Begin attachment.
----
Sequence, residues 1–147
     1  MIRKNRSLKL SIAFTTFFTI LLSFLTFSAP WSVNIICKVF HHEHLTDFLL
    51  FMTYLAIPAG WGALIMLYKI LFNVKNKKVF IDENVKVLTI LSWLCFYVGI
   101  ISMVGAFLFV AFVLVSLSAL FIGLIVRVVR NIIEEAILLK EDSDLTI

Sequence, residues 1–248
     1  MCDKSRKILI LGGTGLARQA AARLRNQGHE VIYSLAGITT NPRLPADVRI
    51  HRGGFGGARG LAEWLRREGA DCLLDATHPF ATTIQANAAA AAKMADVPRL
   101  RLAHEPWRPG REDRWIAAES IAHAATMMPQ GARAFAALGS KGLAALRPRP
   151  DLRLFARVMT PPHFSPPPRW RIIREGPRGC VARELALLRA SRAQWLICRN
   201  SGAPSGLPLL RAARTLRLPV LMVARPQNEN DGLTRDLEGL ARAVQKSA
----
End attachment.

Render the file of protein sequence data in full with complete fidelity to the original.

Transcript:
Sequence, residues 1–147
     1  MIRKNRSLKL SIAFTTFFTI LLSFLTFSAP WSVNIICKVF HHEHLTDFLL
    51  FMTYLAIPAG WGALIMLYKI LFNVKNKKVF IDENVKVLTI LSWLCFYVGI
   101  ISMVGAFLFV AFVLVSLSAL FIGLIVRVVR NIIEEAILLK EDSDLTI

Sequence, residues 1–248
     1  MCDKSRKILI LGGTGLARQA AARLRNQGHE VIYSLAGITT NPRLPADVRI
    51  HRGGFGGARG LAEWLRREGA DCLLDATHPF ATTIQANAAA AAKMADVPRL
   101  RLAHEPWRPG REDRWIAAES IAHAATMMPQ GARAFAALGS KGLAALRPRP
   151  DLRLFARVMT PPHFSPPPRW RIIREGPRGC VARELALLRA SRAQWLICRN
   201  SGAPSGLPLL RAARTLRLPV LMVARPQNEN DGLTRDLEGL ARAVQKSA